Enforcement of regulation in small food manufacturing businesses

Posted by John Mitchell on
The Department for Business, Innovation and Skills ("BIS") has just published the first of a series of regulatory reviews which sets out to examine the impact of regulation, as delivered by local and national enforcement bodies, on businesses in particular areas of the economy.

The first review focused on small businesses in food and drink manufacturing. It considered two main areas, food hygiene and composition and labelling, both of which are enforced by local authorities.

The issues that were identified as problematic during their fact finding exercise will come as no surprise to those involved in food manufacture or indeed their legal advisers:

  • Proportionality of HACCP implementation by small businesses. Issue with HACCP as a legal requirement.
  • Expertise of and support to small manufacturing businesses from local authority enforcement officers.
  • Ease of understanding of regulatory requirements.
  • Consistency of enforcement when business is operated over more than one local authority boundary.
  • Inspections: frequency and quality.
  • Lack of appropriate appeals mechanism.

The report particularly found that it was hard for small businesses to find detailed advice on the application of regulatory requirements to their business. The legislation provides the development of industry specific guidance on HACCP yet only six such documents appear to have been produced and these were not available freely but had to be purchased.

Regulation 852/2004 makes it clear that the HACCP requirements should provide sufficient flexibility to be applicable in all situations, including in small businesses. The feeling from those spoken to as part of the review was that there was an element of gold plating going on with over zealous enforcement by individual EHO's taking place who were publishing guidance which indicated that a form of certified training was a legal requirement when in fact it is not.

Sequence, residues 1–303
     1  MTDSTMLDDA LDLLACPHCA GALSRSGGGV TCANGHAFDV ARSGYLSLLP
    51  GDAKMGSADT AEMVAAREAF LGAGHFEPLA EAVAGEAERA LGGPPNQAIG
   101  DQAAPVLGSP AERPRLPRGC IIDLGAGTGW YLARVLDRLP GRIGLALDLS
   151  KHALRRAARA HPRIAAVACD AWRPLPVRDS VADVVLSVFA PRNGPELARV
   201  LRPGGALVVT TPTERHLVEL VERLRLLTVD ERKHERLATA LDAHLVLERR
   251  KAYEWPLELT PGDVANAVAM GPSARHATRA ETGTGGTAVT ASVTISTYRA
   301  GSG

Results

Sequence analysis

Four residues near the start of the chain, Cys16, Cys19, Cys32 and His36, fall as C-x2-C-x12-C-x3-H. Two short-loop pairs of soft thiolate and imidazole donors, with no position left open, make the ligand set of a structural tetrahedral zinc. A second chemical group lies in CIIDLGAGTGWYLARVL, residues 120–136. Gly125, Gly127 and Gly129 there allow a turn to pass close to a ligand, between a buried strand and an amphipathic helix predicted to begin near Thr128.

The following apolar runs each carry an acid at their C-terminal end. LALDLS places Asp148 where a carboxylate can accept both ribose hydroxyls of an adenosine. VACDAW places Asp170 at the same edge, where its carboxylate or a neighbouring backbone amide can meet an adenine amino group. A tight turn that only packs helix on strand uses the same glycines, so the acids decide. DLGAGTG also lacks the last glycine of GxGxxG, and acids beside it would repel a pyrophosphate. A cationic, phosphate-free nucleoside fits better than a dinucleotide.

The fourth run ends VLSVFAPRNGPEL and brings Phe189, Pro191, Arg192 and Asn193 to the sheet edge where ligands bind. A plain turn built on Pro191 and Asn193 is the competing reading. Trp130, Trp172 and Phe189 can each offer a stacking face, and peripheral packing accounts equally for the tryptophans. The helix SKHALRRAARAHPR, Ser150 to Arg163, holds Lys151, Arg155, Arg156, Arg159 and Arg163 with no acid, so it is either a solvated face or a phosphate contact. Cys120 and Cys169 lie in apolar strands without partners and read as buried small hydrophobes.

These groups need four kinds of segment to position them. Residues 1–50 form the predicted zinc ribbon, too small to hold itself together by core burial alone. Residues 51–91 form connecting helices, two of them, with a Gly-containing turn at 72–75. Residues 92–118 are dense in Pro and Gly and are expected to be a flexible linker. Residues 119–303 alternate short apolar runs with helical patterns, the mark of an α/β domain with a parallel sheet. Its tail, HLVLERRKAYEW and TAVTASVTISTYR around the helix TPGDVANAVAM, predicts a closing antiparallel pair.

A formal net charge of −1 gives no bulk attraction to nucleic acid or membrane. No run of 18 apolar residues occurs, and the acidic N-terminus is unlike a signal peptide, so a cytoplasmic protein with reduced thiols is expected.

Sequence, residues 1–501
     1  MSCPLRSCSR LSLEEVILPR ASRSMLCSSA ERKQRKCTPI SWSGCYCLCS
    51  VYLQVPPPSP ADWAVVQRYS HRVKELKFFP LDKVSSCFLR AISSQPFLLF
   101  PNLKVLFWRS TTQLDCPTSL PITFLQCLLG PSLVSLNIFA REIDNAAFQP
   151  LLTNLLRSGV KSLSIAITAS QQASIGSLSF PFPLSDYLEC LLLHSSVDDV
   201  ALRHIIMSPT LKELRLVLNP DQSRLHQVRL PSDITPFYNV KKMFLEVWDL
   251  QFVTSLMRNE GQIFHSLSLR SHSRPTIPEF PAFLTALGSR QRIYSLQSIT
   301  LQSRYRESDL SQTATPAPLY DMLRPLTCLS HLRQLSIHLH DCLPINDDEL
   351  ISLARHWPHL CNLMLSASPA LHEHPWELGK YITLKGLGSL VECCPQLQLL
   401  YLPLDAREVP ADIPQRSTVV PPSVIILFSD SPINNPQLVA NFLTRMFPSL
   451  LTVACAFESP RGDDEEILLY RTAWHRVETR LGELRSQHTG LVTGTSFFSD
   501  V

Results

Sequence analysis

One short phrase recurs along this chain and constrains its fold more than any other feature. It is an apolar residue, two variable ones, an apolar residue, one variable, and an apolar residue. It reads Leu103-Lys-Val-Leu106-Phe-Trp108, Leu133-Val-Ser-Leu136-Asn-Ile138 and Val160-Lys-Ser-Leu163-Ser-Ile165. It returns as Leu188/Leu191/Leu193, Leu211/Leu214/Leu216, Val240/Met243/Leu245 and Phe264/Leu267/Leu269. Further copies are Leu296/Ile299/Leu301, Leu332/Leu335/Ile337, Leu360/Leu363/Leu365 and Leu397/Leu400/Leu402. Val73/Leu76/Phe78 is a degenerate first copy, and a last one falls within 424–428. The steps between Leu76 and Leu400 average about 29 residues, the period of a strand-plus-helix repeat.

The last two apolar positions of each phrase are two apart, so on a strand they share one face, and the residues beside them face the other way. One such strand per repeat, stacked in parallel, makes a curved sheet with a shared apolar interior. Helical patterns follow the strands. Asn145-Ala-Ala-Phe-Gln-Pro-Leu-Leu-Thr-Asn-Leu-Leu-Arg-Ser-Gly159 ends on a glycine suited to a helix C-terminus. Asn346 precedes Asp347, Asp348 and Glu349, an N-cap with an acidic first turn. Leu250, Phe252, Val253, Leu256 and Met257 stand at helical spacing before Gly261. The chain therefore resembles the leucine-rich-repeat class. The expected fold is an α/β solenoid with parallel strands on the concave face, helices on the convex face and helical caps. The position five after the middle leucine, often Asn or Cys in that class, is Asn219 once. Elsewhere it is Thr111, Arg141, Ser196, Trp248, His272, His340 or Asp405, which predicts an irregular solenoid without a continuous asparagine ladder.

The Food Standards Agency have already responded to this report. They have undertaken to work with industry across the UK with the aim of making information available more widely and to identify gaps in the material.

They have also looked at ways to better explain where exemptions to HACCP apply and they have commissioned a survey to determine whether small food manufacturers find the guidance successful or useful or whether they find the current legislation over burdensome.

The FSA have undertaken to work with local authorities to explain where to source further information and advice about HACCP.

The FSA has also accepted the difficulties faced by enforcement officers with the wide ranging nature of the businesses they work with and is keen to provide further training to fill knowledge gaps and to explore potential for local authorities to work closely together, to not only improve the competency of enforcement officers in food safety but also to enable them to provide better support to business.

All of the above should be seen as a positive step forward to improve the quality of advice, guidance and enforcement from the local authorities and we await with interest to see whether a discernable difference can be identified.

About the Author

John specialises in risk and compliance, advising businesses in those areas of commercial life where the criminal law or penal sanctions are used to regulate business.

John Mitchell
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